Starting a Contractor Business? 5 Tips for Success

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We know owning a business isn’t for everyone. Many people prefer working for others and enjoying a steady income, a stable routine, paid vacations, and other perks. For others, though, entrepreneurship is irresistible, and you might be one of them. If you started your own contractor business, you’d be your own boss, employ a talented team, and help your community to prosper.

Of course, running any business is a great challenge. Here’s some advice to increase your odds of success and longevity.


1. Arrange Financing

To begin, get your financing lined up. You’ll need enough money to cover several months of living expenses. After all, it could be a while before clients start paying you.

You’ll also need equipment and other materials. Plus, you might want enough cash to hire a few employees, obtain an office and storage facilities, and to advertise your new business.

Thus, compile a list of your contractor business’s first-year expenses. Next, figure out how much you have saved. Also, how much collateral could you offer a financial institution? With the right assets, you could secure business loans.

Alternatively, you might find investors. You could attend local networking events. You could utilize online fundraising websites. And you might even ask your friends, relatives, and colleagues for investments.

Attracting investors often requires a business plan. You can find templates online. In this detailed document, you’ll describe your services, assets, financial requirements, expansion proposals, and more.

2. Rely on Marketing Plans

Your first few contractor clients may come from your personal network of family and friends. If you’ve worked in contracting before, some of your past customers might also hire you.

However, to keep growing, it helps to rely on a marketing plan. This document will give you a timetable for your social media ads, radio and TV commercials, and website strategies.

Always have new marketing goals in mind. For example, within six months, you might want to boost your customer base or your website views by 25%. Then, once you reach that goal, immediately set a new one. And keep adjusting your marketing plans to meet your new objectives.


3. Make It Legal

With your plans in place, you can make your company official.

At this point, it’s wise to consult with an attorney. That person could help you decide between making your business a sole proprietorship or incorporating it.

Incorporating means separating your personal assets from your company’s assets. Incorporated companies are typically eligible for more tax breaks, while sole proprietorships are generally easier to manage.

From there, you can finalize your company’s name and register it.

Your lawyer can also let you know what types of insurance you need. Take those policies out right away.

With those formalities out of the way, you can finally launch your business.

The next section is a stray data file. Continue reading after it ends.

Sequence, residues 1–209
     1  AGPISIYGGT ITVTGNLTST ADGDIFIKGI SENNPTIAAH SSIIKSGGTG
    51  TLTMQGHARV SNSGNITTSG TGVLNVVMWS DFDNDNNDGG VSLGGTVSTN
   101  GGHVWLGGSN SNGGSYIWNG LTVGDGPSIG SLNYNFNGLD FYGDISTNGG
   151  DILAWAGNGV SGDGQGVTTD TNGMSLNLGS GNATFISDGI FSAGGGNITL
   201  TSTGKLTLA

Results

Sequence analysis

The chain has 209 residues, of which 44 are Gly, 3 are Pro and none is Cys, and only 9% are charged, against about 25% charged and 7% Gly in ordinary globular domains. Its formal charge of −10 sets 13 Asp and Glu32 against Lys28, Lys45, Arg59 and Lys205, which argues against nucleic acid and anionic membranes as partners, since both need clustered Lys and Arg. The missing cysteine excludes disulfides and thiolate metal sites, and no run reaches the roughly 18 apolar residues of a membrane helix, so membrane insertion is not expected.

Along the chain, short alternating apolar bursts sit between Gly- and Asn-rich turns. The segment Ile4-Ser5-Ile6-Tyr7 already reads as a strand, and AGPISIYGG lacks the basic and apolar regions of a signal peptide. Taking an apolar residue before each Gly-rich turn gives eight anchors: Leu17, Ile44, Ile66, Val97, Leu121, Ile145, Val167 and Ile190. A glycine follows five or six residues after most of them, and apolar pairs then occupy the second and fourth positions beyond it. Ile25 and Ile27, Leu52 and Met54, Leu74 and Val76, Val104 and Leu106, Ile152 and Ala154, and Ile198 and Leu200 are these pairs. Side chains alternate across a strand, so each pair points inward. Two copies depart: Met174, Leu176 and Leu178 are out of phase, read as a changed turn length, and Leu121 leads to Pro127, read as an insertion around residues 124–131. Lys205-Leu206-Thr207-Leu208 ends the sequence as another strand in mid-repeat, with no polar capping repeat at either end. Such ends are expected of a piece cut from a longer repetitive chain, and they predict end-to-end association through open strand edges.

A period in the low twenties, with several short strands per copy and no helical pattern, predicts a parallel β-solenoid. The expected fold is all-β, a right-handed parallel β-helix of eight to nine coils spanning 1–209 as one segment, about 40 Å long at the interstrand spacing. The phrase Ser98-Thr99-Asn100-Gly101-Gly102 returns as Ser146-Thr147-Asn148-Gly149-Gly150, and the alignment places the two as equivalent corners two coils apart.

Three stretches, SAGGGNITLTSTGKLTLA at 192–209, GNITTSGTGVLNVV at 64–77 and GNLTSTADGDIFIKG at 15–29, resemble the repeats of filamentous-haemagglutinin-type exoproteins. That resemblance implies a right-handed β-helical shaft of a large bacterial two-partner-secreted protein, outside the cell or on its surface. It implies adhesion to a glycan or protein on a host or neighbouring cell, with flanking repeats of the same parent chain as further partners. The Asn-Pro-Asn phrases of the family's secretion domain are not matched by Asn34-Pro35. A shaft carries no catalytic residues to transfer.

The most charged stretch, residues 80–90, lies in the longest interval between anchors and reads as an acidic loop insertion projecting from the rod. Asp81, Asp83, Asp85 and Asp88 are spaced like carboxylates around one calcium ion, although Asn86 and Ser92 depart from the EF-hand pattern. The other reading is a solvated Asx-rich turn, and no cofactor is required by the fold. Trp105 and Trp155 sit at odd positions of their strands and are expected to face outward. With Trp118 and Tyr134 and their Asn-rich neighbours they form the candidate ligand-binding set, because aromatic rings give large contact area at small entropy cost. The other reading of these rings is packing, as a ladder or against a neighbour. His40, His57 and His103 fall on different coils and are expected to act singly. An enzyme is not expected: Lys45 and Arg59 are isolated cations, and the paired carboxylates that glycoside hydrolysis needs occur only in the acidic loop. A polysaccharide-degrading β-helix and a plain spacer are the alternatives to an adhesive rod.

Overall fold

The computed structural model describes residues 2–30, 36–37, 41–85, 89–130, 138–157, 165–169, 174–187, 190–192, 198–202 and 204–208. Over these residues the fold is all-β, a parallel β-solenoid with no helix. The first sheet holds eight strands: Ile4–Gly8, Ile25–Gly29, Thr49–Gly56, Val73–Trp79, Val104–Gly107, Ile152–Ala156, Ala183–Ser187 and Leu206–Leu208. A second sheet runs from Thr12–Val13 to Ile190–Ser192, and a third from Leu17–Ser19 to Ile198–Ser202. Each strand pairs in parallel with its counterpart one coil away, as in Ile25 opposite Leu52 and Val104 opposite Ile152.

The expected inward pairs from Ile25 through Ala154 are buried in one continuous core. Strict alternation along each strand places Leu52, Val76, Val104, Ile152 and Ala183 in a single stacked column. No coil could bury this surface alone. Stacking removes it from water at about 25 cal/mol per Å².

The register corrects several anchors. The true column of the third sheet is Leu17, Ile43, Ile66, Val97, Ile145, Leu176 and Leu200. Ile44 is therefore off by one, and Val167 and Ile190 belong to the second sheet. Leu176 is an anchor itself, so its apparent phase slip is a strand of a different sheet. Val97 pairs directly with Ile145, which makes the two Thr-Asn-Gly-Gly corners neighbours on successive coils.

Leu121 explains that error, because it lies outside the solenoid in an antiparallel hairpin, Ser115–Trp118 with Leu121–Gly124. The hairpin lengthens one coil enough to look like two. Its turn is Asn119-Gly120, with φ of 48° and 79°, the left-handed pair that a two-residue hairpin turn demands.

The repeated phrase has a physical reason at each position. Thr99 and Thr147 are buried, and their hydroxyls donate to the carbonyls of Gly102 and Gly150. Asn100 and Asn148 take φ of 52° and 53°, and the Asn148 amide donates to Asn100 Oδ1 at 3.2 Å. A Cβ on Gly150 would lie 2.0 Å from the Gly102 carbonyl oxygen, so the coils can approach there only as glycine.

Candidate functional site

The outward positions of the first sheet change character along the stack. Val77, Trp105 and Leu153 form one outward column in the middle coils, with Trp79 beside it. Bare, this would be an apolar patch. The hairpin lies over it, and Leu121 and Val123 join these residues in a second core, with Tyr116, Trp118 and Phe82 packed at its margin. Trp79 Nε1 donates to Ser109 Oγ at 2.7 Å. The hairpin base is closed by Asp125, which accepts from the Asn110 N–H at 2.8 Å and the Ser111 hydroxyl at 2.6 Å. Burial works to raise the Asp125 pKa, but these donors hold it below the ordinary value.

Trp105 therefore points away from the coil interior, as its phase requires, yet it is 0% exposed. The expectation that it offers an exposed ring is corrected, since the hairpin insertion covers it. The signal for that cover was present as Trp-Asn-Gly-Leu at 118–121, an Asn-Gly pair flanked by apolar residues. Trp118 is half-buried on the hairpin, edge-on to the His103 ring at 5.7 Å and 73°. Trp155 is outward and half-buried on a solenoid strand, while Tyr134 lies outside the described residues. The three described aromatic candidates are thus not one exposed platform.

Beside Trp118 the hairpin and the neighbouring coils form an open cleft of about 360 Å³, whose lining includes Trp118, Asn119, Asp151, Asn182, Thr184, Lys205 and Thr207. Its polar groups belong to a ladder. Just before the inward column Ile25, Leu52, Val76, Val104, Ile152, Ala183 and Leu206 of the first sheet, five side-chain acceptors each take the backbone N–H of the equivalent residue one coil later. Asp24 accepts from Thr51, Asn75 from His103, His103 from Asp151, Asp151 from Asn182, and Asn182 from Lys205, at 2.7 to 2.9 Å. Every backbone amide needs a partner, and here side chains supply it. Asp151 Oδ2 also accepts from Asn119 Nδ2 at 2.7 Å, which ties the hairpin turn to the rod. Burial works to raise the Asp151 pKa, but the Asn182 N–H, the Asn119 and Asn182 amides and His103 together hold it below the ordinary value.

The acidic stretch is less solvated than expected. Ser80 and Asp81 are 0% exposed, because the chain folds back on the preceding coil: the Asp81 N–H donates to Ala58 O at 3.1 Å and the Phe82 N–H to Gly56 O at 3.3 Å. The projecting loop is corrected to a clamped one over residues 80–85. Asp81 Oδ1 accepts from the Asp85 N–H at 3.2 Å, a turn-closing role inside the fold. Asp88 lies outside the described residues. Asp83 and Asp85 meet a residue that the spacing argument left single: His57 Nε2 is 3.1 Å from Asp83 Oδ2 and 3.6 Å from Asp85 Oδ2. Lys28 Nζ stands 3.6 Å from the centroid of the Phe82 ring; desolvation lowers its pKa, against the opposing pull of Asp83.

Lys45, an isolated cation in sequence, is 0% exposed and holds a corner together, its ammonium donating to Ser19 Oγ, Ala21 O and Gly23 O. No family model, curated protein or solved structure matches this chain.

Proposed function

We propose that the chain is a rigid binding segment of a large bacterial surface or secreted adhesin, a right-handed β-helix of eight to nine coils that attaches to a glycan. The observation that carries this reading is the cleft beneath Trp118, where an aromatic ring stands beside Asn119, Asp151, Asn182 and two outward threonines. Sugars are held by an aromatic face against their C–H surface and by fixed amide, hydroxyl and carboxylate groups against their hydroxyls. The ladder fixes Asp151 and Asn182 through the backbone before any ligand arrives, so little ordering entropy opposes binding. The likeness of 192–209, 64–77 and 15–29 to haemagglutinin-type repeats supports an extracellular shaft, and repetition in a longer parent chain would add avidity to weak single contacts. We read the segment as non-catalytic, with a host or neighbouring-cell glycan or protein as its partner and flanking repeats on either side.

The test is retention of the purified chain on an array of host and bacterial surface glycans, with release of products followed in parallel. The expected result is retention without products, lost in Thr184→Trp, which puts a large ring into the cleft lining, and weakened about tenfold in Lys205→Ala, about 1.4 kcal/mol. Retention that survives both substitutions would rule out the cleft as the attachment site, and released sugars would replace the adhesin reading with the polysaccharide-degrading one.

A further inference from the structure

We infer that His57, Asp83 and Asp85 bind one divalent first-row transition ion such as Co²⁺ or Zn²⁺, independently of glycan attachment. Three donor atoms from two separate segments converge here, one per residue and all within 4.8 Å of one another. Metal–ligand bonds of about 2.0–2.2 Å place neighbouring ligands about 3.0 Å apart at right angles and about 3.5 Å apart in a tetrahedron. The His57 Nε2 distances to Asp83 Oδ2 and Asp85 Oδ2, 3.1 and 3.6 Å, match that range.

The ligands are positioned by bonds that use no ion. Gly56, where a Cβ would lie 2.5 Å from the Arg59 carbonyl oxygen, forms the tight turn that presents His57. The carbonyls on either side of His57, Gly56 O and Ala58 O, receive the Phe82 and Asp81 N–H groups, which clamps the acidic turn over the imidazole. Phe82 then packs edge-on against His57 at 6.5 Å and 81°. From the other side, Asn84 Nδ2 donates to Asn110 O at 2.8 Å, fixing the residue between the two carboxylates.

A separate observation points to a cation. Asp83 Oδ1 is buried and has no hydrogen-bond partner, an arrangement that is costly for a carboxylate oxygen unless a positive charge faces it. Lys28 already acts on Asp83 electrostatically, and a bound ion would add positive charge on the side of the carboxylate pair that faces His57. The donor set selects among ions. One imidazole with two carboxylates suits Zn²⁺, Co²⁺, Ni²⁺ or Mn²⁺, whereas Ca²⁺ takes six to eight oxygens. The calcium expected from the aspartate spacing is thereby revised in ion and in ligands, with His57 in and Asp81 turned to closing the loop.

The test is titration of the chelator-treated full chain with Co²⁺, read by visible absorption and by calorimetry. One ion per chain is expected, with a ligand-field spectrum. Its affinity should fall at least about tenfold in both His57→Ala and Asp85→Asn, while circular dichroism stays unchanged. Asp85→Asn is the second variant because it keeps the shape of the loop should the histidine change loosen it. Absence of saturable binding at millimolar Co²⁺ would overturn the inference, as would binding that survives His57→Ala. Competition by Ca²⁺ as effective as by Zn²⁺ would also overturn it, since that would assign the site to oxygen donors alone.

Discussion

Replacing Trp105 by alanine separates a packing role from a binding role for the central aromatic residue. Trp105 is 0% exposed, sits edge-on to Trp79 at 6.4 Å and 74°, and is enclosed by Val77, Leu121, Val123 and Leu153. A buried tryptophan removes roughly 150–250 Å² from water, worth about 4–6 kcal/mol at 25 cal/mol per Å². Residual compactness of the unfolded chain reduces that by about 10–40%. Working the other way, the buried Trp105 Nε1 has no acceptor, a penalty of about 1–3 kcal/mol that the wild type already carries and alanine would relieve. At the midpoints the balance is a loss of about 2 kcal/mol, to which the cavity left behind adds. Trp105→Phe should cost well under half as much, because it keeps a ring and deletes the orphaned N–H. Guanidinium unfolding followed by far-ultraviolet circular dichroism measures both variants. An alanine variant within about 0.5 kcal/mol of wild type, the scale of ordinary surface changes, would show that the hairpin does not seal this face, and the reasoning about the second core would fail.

After you have completed all legal requirements, you can go to your state’s franchise tax board or state comptroller to apply for a business license and follow your state’s contractor license requirements. This is a different license than your contractor’s, but you will need to enter your general contractor license number when you register in your state.

4. Strike a Work-Life Balance

As an independent contractor, it’s vital to find a middle ground between multitasking and overextending yourself.

On one hand, you should expect to wear multiple professional hats. For example, you’ll probably be handling your hiring and marketing yourself. And, most likely, you’ll be doing some of the labor as well.

Furthermore, accountants can be expensive. But, with a software program like FreshBooks, you could do your own invoicing and financial recordkeeping. You might even prepare your own tax returns, too.

On the other hand, don’t take on too many responsibilities. You could easily overwork yourself. In that case, your family time and social life would suffer. And the quality of your work could decline.

Therefore, look for business tasks that you could outsource to freelancers — web design, to name one.

5. Focus on Customer Satisfaction

For as long as you own a business, you should make impressing your customers your top priority.

Always be patient, polite, and friendly on the job. Answer all of your clients’ questions fully and thoughtfully. Dress professionally, and watch your language. Naturally, for every assignment, you and your team members should show up on time, take minimal breaks, and work hard, effectively, and efficiently.

In addition, respond promptly to all of your phone calls, texts, social media messages, and emails. Yes, answering inquiries often feels like a full-time job in itself.

Will you meet with clients and potential clients in person? If so, your contractor office — even if it’s a home office — should be clean, tidy, quiet, comfortable, and professional in its decor.

Always be honest. If you or your employees make errors, own up to them, apologize for them, and compensate your customers for them.

Never take on more projects than you know you can manage. And don’t overpromise. Instead, make your timelines and price quotes as accurate as you can.

Especially important, grow your staff slowly. Only hire people with excellent resumes and references. Conduct exhaustive background checks, and make sure that all of your employees have the right training, skills, and knowledge. Your business is only as good as your hires.

Final Thoughts

Are you positive you can handle the heavy workload, the hectic schedule, and the occasional uncertainty of entrepreneurship? If so, the pride, joy, and adventure of creating a contracting company could soon be yours.